After drying, a gel still containing the flexibilizer is obtained, but in the case of, for example, relatively high-boiling solvents, parallel removal is also possible. After burning out, a gel, more precisely a xerogel, having pores, preferably substantially nanopores, and no longer containing any significant amount of organic constituents (carbon-free) is obtained. This inorganic gel or xerogel can be converted into a glass-like, glass-ceramic-like or ceramic-like layer by partial or full densification. In each stage from gel to glass, the layers remain transparent. This makes it possible to set the index of refraction and/or the dielectric constant via the densification temperature.
Layers having dry layer thicknesses of, for example, from 0.1 μm to 30 μm, preferably from 5 μm to 20 μm, particularly preferably from 8 μm to 12 μm, can be obtained. This applies both to the nanoporous inorganic layers and the dense inorganic layers. According to the invention, it is surprisingly possible to obtain crack free thick films, e.g. having a thickness of more than 1 μm, in particular more than 3 μm or 5 μm or even above 8 μm, which are also transparent and thus suitable for optical applications.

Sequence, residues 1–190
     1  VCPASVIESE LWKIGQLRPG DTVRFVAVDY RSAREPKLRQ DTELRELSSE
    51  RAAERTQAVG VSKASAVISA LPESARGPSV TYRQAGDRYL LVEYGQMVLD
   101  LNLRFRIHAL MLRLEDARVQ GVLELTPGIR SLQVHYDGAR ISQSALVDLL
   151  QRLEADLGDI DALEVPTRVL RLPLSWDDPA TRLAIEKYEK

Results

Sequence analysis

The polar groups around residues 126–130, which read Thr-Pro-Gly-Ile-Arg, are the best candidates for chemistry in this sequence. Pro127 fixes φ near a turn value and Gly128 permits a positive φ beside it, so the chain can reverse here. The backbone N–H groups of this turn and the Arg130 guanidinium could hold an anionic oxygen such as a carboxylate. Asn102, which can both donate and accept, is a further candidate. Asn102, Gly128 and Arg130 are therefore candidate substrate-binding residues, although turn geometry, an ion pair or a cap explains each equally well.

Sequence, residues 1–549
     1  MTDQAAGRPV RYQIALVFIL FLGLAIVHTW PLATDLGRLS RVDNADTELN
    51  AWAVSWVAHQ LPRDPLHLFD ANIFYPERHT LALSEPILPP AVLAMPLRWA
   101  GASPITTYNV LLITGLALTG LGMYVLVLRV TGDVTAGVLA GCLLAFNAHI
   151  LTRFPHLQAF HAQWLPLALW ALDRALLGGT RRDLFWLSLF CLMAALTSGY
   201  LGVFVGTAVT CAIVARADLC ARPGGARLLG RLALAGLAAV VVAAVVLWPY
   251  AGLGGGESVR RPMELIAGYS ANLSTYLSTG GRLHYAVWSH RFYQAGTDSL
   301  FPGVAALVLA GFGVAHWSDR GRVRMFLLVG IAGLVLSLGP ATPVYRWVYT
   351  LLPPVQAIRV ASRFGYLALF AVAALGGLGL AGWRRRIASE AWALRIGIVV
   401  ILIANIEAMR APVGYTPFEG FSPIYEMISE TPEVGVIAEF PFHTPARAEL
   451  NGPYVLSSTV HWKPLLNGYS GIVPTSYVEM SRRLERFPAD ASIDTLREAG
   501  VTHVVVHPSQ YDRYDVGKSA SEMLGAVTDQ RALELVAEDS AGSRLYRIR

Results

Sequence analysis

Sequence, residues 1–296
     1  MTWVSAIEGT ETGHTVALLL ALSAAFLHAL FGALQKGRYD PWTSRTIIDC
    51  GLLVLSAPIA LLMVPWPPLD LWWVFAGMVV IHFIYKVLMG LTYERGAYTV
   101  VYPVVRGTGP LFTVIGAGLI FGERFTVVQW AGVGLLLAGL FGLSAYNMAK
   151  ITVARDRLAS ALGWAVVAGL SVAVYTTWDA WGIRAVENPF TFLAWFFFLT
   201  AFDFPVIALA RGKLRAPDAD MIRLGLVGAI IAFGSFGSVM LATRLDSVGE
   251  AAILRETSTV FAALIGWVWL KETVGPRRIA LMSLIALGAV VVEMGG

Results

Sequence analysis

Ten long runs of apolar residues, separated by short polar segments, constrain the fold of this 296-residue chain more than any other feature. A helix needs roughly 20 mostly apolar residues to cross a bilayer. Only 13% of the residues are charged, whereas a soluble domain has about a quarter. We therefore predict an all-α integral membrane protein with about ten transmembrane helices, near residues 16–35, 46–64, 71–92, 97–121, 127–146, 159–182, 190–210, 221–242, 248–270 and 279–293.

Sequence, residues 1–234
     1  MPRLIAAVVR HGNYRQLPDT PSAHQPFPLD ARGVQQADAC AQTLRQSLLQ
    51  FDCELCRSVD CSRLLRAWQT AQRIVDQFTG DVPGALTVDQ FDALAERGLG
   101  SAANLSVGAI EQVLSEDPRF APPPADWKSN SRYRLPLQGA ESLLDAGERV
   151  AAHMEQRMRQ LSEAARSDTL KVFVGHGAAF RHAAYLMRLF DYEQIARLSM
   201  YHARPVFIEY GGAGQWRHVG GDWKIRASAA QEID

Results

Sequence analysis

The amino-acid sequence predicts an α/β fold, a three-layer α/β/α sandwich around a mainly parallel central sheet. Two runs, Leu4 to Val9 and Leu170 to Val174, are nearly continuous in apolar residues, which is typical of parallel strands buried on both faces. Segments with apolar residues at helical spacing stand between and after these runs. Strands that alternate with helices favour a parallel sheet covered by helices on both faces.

The gel layers after removal of the solvent but not the flexibilizer have, for example, thicknesses of from 0.5 μm to 200 μm, preferably from 5 μm to 50 μm and particularly preferably from 10 μm to 20 μm.
The inorganic layers obtained in the process of the invention can also be structured, in particular microstructured. Structuring or microstructuring can be carried out, in particular, for producing optical or electronic structures. It can be carried out in the gel layer or in the densified, partially densified or undensified inorganic layers. Structuring is preferably carried out in the gel state, in particular after removal of the solvent but before removal of the flexibilizer. Methods known from the prior art, e.g. photolithography, embossing or etching and masking processes, are used for this purpose. Microstructuring prior to thermal densification allows the production of particularly thick (8 μm to 20 μm) densified microstructures.
The coated substrates produced are particularly suitable as optical, optoelectronic, electronic, micromechanical or dirt-repellent components. Typical examples of applications are passive and active optical waveguides, buffer and cladding layers for passive and active optical waveguides on glass, ceramic and Si substrates, dielectric layers and microstructures on glass, ceramic and silicon substrates for producing semiconductor components, siliceous layers and layers comprising alkali metal silicates and also microstructures for thermal and anodic bonding of silicon substrates, optical components, e.g. gratings and light-scattering structures, microlenses, microcylinder lenses, microfresnel lenses or arrays of these, microreactors or transparent dirt-repellent microstructures.
The following examples illustrate the invention.
A) Preparation of the Coating Sols